ME protesters gather in London
Protesters have gathered in London calling for more research into chronic fatigue syndrome.
The long-term illness, also known as ME, can leave people bedbound for years - but despite its severity it's still not well understood.
It comes days after a leading expert told a Newsbeat documentary that one of the most common treatments for it should be scrapped.
It's thought to affect around 250,000 people in the UK.
'I want my sister back'
One of the protesters is Emily. Her sister was diagnosed with ME six years ago, when she was 12.
She's been completely bedbound for months now and is being fed through a tube in hospital.
"We're struggling to get the treatment she needs", Emily says, "we need to get her feeding, we need to address her pain, but it's not being addressed in the way it should be.
"They think it's psychologically based, they think she needs to go off and have therapies that we've already tried - so we know they won't work.
"The way I describe it is I'm actually grieving the loss of my sister because she's not around anymore. She's asleep 23-and-a-half hours a day and I want her back."
ME can not only leave people without the energy to get up, sometimes unable to take on food, it also makes them extremely sensitive to light and sound.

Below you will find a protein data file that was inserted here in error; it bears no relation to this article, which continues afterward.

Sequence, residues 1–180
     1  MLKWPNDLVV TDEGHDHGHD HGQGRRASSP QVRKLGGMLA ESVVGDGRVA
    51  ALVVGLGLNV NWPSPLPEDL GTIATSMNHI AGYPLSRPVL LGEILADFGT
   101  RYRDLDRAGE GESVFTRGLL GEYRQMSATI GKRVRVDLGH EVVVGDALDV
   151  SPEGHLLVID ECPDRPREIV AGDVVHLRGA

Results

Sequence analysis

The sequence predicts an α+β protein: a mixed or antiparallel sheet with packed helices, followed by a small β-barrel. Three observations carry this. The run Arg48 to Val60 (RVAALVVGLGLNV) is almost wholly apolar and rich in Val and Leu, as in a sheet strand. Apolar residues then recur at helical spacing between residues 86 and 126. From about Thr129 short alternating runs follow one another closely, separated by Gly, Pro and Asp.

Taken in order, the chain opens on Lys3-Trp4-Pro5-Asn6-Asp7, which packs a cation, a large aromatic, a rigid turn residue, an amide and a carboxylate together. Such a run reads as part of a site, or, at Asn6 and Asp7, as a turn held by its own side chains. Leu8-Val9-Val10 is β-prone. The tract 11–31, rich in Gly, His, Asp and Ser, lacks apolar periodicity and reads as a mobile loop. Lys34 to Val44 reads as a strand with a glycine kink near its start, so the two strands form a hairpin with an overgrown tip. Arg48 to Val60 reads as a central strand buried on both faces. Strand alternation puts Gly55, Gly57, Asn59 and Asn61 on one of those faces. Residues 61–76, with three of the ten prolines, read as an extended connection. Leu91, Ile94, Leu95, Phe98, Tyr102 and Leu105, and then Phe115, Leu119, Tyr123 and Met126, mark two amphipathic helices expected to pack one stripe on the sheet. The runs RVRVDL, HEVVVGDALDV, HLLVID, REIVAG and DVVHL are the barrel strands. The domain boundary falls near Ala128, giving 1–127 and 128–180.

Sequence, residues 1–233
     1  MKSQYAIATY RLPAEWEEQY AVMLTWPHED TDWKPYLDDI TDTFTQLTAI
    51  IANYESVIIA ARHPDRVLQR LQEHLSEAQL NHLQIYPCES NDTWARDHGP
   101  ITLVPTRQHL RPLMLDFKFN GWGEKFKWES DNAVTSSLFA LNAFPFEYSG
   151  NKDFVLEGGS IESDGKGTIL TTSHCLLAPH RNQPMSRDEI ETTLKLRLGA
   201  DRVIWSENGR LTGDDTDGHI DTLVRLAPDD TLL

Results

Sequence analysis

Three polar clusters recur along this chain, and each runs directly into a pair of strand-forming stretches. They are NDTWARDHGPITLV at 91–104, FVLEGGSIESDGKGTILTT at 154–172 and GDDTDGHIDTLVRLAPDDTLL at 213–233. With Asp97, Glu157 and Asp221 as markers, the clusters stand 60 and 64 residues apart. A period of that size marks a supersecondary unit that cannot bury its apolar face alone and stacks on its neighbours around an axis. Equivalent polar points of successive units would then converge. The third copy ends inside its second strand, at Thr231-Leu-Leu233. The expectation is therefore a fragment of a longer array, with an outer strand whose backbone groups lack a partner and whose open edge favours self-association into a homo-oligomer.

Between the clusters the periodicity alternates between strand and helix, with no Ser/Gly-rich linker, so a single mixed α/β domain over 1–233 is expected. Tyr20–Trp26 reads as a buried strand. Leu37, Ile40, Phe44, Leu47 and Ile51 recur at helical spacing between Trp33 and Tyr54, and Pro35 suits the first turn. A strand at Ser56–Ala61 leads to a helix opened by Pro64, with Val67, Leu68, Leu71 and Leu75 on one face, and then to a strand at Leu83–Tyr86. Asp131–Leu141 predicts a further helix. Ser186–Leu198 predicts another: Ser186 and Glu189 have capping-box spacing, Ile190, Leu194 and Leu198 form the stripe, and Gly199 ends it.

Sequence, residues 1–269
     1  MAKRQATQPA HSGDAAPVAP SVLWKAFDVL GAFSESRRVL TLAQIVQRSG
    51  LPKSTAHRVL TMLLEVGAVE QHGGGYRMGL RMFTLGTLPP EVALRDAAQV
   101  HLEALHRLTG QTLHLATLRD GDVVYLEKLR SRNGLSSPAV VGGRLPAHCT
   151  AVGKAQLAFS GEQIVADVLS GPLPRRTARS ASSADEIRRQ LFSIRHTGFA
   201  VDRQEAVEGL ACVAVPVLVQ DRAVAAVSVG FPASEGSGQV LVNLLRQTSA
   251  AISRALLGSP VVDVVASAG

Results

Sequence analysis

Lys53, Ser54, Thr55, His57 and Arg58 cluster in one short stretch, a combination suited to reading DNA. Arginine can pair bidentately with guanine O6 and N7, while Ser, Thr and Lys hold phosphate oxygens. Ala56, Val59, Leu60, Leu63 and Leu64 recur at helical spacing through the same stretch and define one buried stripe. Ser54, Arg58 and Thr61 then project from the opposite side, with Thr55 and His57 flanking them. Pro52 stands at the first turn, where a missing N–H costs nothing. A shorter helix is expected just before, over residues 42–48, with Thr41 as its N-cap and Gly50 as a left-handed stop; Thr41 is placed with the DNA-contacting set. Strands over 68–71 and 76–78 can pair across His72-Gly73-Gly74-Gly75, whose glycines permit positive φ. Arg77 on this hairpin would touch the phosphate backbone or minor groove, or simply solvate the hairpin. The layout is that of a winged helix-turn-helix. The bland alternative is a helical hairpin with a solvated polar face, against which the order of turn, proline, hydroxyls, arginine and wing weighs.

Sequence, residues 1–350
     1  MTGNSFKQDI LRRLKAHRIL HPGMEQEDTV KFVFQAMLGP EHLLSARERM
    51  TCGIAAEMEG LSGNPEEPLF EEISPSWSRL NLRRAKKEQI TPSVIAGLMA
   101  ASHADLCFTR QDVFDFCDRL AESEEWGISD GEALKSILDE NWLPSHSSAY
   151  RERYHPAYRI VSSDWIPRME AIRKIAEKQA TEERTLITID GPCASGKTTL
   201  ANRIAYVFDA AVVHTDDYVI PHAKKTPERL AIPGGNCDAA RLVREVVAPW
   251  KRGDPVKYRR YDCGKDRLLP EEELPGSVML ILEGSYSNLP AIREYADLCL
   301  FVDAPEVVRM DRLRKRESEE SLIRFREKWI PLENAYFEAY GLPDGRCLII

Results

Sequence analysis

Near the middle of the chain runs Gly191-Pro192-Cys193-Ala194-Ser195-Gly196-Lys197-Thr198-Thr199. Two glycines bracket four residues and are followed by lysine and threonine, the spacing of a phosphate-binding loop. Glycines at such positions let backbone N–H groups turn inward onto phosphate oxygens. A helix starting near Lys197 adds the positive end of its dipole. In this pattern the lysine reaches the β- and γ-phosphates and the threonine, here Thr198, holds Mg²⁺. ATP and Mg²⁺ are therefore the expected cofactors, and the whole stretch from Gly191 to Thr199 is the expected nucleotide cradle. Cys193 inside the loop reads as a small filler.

But medical professionals disagree about how best to treat it.
The health watchdog NICE is updating its guidelines for treatment in England - but the review won't be finished until 2020.
Wales, Northern Ireland and Scotland are all waiting to see what the recommendations are.
Earlier this week, a leading expert - Dr Charles Shepherd, told Newsbeat one of the most common treatments should be scrapped right away.
Graded exercise therapy (GET) involves encouraging patients into increasing amounts of physical activity day by day, month by month.
But Dr Shepherd, medical advisor to the ME Association, says pushing people too far can plunge them back into a relapse that can last months.
His thoughts on GET are not shared by all, though.
A statement to Newsbeat from some of the country's leading ME researchers and clinicians* says: "These therapies help many people with CFS/ME by reducing symptoms, increasing what they can do, and improving their quality of life."
It goes on to say that using GET "is based on good evidence from multiple studies and randomised controlled trials showing that these treatments are safe and useful for some patients.
"Right now there are no alternatives for patients, so it is vital that they are not deterred from accessing therapies that can help them."
The Department of Health also admits ME is "poorly understood" and says "over the past six years we have invested £3.35 million in research to improve understanding of the condition and to look at new approaches to treatment".
*This is a combined statement from: Prof Trudie Chalder, Professor of Cognitive Behavioural Psychotherapy, Institute of Psychiatry Psychology and Neuroscience (IoPPN), King's College London; Prof Esther Crawley, Professor of Child Health, University of Bristol; Prof Paul McCrone, Professor of Health Economics, Institute of Psychiatry Psychology & Neuroscience (IoPPN), King's College London; Prof Michael Sharpe, Professor of Psychological Medicine, University of Oxford and Prof Sir Simon Wessely, Chair of Psychological Medicine, King's College London.